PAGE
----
Society | DOI: 10.1145/1562164.1562173
facing an age-old Problem
Researchers are addressing the computing challenges of older individuals,
whose needs are different—and too often disregarded.
It’s no sECrEt that computers and the Internet have changed society in ways that weren’t imaginable only a quarter-cen- tury ago. The ability to connect
with other people all over the globe,
read about events as they unfold, shop
online, and manage information has
profoundly changed the landscape—
and mind-set—of modern society.
More than three-quarters of households
in the U.S. have computers, and the numbers are exploding all over the world.
Today, it’s difficult to imagine a
world without computers. And while
the so-called digital divide remains—
the gulf between the affluent and poor
in terms of computer accessibility—
researchers are discovering that another
important barrier exists. “Many older
people face formidable challenges
when it comes to using computers,”
says Vicki Hanson, manager for the accessibility research group at IBM. “They
are different from other segments of
the population in terms of both cognitive and physical capabilities.”
The challenges of dealing with an aging world population haven’t been lost
on researchers, psychologists, and technology designers. Although computer
and software manufacturers have made
some strides in building easier-to-use
systems—including specialized Web
browsers, ergonomic mice and keyboards, and accessibility functions such
as the ability to zoom and magnify text
and graphics—there is still a long way to
go to provide a computing environment
that’s ideal for older individuals.
“Technology creates a lot of potential in terms of enhancing the quality
of life, independence, and well-being
of older adults,” observes Sara J. Czaja,
professor of psychiatry and behavioral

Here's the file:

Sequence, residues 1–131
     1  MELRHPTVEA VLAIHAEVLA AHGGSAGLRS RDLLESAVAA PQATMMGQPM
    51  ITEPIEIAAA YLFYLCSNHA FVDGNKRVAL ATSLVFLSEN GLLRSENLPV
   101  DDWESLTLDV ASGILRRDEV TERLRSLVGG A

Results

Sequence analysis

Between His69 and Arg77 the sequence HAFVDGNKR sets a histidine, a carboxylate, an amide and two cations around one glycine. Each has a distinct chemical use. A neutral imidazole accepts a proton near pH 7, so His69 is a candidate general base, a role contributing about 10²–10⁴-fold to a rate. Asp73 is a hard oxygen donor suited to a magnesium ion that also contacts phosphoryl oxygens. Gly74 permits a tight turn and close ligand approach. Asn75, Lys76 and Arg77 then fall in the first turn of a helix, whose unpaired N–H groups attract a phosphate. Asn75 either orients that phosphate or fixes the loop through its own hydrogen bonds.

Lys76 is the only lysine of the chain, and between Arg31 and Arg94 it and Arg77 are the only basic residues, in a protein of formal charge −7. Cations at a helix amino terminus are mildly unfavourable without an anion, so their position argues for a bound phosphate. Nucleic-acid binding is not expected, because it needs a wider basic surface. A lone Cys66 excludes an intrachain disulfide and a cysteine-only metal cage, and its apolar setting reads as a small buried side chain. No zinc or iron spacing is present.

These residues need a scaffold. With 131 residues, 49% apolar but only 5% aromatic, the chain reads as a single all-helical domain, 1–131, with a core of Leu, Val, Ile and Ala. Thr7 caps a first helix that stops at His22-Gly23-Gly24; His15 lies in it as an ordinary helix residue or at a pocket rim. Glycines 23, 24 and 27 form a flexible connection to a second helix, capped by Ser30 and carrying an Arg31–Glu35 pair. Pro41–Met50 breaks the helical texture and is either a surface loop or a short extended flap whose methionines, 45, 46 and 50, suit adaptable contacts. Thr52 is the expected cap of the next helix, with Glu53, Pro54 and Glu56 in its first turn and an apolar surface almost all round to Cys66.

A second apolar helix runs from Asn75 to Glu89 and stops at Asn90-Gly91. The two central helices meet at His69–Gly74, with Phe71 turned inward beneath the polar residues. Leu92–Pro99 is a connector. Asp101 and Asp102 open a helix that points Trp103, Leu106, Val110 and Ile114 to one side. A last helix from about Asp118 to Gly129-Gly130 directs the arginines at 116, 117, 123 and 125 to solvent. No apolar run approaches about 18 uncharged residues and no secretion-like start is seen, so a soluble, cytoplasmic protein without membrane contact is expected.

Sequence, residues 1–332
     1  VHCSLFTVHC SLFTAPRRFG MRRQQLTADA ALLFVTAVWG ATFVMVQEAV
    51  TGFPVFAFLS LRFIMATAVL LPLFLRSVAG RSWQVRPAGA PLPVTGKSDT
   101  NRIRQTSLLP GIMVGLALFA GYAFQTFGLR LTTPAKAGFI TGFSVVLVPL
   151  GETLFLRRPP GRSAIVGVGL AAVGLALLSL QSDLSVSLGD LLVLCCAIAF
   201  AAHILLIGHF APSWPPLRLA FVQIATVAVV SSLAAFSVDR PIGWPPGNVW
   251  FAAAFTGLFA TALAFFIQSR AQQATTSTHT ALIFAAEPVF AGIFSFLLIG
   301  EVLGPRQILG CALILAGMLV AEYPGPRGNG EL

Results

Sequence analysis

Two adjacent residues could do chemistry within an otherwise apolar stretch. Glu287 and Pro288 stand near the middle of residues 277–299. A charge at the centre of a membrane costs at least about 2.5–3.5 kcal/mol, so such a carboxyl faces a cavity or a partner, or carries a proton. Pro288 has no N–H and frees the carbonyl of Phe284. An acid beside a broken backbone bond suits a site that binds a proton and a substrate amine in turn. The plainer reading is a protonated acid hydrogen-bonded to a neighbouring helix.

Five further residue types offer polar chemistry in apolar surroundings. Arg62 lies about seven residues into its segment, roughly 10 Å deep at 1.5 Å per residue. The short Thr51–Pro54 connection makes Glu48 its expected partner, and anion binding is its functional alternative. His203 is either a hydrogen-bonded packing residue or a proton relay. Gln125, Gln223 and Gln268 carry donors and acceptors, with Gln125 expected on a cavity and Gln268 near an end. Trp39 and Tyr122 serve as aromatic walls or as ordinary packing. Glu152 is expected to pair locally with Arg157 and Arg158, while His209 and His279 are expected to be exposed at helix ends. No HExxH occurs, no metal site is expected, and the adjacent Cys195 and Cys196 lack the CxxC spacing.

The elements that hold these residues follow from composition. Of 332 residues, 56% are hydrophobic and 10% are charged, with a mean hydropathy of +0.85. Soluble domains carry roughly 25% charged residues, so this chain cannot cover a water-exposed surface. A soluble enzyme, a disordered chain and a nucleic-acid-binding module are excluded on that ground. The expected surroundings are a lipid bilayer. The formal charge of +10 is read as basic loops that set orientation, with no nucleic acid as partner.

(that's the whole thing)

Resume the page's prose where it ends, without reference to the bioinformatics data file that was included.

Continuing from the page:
sciences and director of the center on
research and education for aging and
technology at the University of Miami.
“It opens up work and personal opportunities and allows older adults to stay
socially connected. But this group has
creating an ideal computing environment for older adults poses many challenges.
different needs and they’re too often
As commerce, health care, government
services, and work migrate online,
the need to use computing devices is
shifting from desirable to essential.
According to Czaja, older individuals don’t have any particular aversion
“When people of
any age can’t figure
things out,” says
Sara J. czaja,
“they tend to avoid
to using computers and technology.
“They are entirely receptive,” she says.
So, where does the problem lie? “They
often don’t understand the benefits or
they’re unable to use the system easily,” she says. “When people of any age
can’t figure things out, they tend to
avoid the technology.”
The challenges are growing. As
computing expands from desktop
and notebook systems to a wider universe of devices—including phones,
home entertainment centers, navigation systems in cars, security systems,
and high-tech climate controls—older
adults are increasingly feeling overwhelmed and frustrated. “There are
a lot of older people who have a lot of
trouble with mobile phones. They simply can’t use a typical phone because
the interface is confusing and the buttons are too small,” Czaja explains.
Yet, poor vision, shaky fingers, and
fading memory are only a few of the
manifestations of older age. It’s not
unusual for individuals to experience